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Gnocchi alla Romana

March 19, 2011

Years ago, I did a short stint as a nanny for Barbara, a darling 10-year-old Venetian girl. She went to the British School in Venice and her parents wanted her to continue speaking English outside the classroom so, when Miranda her nanny of several years took a post as curator for a private art collection, I stepped in. What I hadn’t been told, but quickly learned, was that this was no ordinary “old school” family. They were in the upper crust of old school families and in addition to the palatial home the grandparents (and I) lived in Dorsoduro just behind Santa Maria della Salute, their family owned Villa Giusti in Padova where the WWI armistice ending warfare between Italy and Austria-Hungary was signed. The first weekend we went “to the country home” and I was being shown my room, we walked thru a darkened room with a round table in the middle. My room was just off that room where the famous signing took place. Click on this link to see the door to my room in the second photo.

This was my entrée into the other world. The nannies did the cooking for the children and all ate in the kitchen well before their parents meal was served al fresco on this gorgeous September weekend. 

Gnocchi alla Romana, was whipped up by a couple of the other nannies and gobbled up by all of us. Thinking back on it I liken it to mac ‘n cheese for Italian children. Made with semolina, milk, Parmesan and butter… not unlike, yet a world apart from, homemade macaroni and cheese made with pasta, cheese and butter.

Semolina is ground durum or hard wheat (without the outer ‘bran’ layer) just as grits are ground corn. It is a light golden color and most commonly used in making pasta. The egg causes these disks to puff up into light pillows and their creamy richness comes from the butter and parmegano stirred in at the end. An almost undetectable pinch of nutmeg is added and without it something would be missing but most would be hard pressed to name what it is.

This can be served as a main course or atop a bed of sautéed spinach or artichokes or as a side dish to accompany a meat of your choice. Because of the butter and cheese it would not be suited to serve with fish. Those are the rules I learned in Italy – cheese and fish don’t mix, and I agree. And if you’re making this for children, break out some fun cookie cutters such as stars or crescent moons. Regardless of their shape they are pure comfort food for kids of all ages.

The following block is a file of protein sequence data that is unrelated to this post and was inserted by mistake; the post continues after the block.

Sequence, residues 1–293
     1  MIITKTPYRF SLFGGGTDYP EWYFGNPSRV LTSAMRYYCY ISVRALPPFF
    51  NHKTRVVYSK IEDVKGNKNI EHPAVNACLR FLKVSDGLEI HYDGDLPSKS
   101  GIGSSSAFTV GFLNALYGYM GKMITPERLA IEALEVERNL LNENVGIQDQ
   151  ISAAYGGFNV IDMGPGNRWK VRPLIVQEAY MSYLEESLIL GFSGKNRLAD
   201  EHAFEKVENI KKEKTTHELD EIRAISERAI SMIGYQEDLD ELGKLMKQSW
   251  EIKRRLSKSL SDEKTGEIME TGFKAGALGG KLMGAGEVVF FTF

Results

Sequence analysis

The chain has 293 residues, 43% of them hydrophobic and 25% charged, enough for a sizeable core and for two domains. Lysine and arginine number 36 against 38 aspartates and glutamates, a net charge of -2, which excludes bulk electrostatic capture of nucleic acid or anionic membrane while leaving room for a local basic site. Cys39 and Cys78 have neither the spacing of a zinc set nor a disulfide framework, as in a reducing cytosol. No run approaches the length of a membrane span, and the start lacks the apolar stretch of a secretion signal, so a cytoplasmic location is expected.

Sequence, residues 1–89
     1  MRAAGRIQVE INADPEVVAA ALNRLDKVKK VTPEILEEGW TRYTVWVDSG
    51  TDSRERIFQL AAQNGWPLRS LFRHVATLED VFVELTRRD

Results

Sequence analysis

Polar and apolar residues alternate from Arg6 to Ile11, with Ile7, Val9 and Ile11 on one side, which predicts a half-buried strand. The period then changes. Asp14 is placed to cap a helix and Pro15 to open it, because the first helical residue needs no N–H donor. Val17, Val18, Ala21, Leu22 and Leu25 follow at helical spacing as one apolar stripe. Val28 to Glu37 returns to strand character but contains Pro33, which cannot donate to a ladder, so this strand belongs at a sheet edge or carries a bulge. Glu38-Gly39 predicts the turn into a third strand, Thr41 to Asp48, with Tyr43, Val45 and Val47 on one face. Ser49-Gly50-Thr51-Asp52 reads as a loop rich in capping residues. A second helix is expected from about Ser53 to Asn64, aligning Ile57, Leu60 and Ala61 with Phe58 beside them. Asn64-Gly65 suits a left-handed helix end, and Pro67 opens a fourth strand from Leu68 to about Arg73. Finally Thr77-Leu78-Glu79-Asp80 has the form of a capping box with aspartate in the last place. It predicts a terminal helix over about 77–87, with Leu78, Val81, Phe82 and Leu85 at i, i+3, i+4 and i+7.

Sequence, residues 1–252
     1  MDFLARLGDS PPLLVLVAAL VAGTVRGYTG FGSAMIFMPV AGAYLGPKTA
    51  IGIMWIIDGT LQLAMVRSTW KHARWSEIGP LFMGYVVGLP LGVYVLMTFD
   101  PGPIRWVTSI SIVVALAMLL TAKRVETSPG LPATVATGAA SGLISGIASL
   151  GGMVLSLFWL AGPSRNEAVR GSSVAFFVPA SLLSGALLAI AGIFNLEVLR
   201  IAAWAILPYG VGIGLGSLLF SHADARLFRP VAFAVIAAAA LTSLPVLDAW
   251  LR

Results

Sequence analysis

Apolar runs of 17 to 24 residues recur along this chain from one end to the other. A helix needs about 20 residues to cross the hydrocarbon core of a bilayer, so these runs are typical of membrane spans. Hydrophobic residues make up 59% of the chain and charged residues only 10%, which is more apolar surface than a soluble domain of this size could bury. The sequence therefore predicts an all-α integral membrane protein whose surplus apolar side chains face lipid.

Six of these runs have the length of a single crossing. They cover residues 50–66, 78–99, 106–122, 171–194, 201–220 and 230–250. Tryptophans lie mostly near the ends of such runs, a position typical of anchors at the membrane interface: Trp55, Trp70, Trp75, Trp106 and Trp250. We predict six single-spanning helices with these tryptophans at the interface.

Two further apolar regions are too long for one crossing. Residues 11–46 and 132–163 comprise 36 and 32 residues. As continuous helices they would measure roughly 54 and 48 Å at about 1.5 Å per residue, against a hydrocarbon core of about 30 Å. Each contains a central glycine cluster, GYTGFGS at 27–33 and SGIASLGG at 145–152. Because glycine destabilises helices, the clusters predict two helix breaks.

Watch this entertaining RAI (Italian TV – food show) on making them. If you speak Italian (or Spanish) you’ll surely pick up on some of the banter giving it a variety show feel, quite different from the Food Network programming we are used to in the States.

Gnocchi alla Romana (half recipe pictured above)

Ingredients  Serves 4-6

  • 3 cups whole milk (700 grams) 
  • 3/4 cup semolina flour  (200 grams)
  • 1 teaspoon salt
  • 2  large egg yolks, lightly beaten
  • 3 tablespoons unsalted butter
  • 1/2 cup freshly grated Parmesan
  • generous pinch ground nutmeg
  • 1/2 teaspoon freshly ground black pepper, optional


Lightly oil a small baking sheet and a generously butter a low-sided baking or gratin dish.  In a heavy 3-4 quart saucepan, heat the milk then add salt and nutmeg. Pour semolina in a thin stream into the milk whisking vigorously over medium-high heat, about a minute. Switch to a wooden spoon and reduce heat to low. Continue stirring until the mixture bubbles and is very thick, about 8-10 minutes. Remove from heat and add beaten egg yolks and half of each parmesan and butter, stirring until smooth.

Turn semolina mixture on prepared baking sheet. Using a spatula spread to an even 1/2-inch-thick layer. Cover and refrigerate for at least an hour or until cold and firm. 

Preheat oven to 400 degrees F . Using a 2-inch-diameter cookie cutter or water glass, cut out rounds from the gnocchi mixture. Place the extra scraps of semolina dough on the bottom of the  buttered baking/gratin dish and arrange the gnocchi on top, overlapping slightly. Melt remaining butter and drizzle over the gnocchi rounds. Sprinkle with the rest of the cheese, and pepper, if desired. Bake until the gnocchi are heated through and beginning to brown, about 15 minutes. To brown top more, broil for a minute or two watching carefully. Let stand a few minutes before serving.

 Semolina and milk will be a thin mixture at first

After cooking, stir in butter & cheese

Spread cooked semolina to about 1/2 think on oiled baking sheet

Ready for the oven topped with butter, cheese and pepper (if desired)

Serve as a main dish or a side

3 Comments leave one →
  1. Cathy Brereton permalink
    March 19, 2011 3:05 pm

    OMG! Want some right now. NOW!

    • March 19, 2011 4:48 pm

      Cathy, Make ’em, Now! You can shortcut it by cooling in the freezer which only takes 15 minutes or so. I bet they’d be good with some cheddar on top (for your kids benefit :). We need to pick a night to do a cooking class!

  2. April 4, 2011 4:41 pm

    Wow, what a great recipe and photos too. I wish I could have supper at your place. Linda

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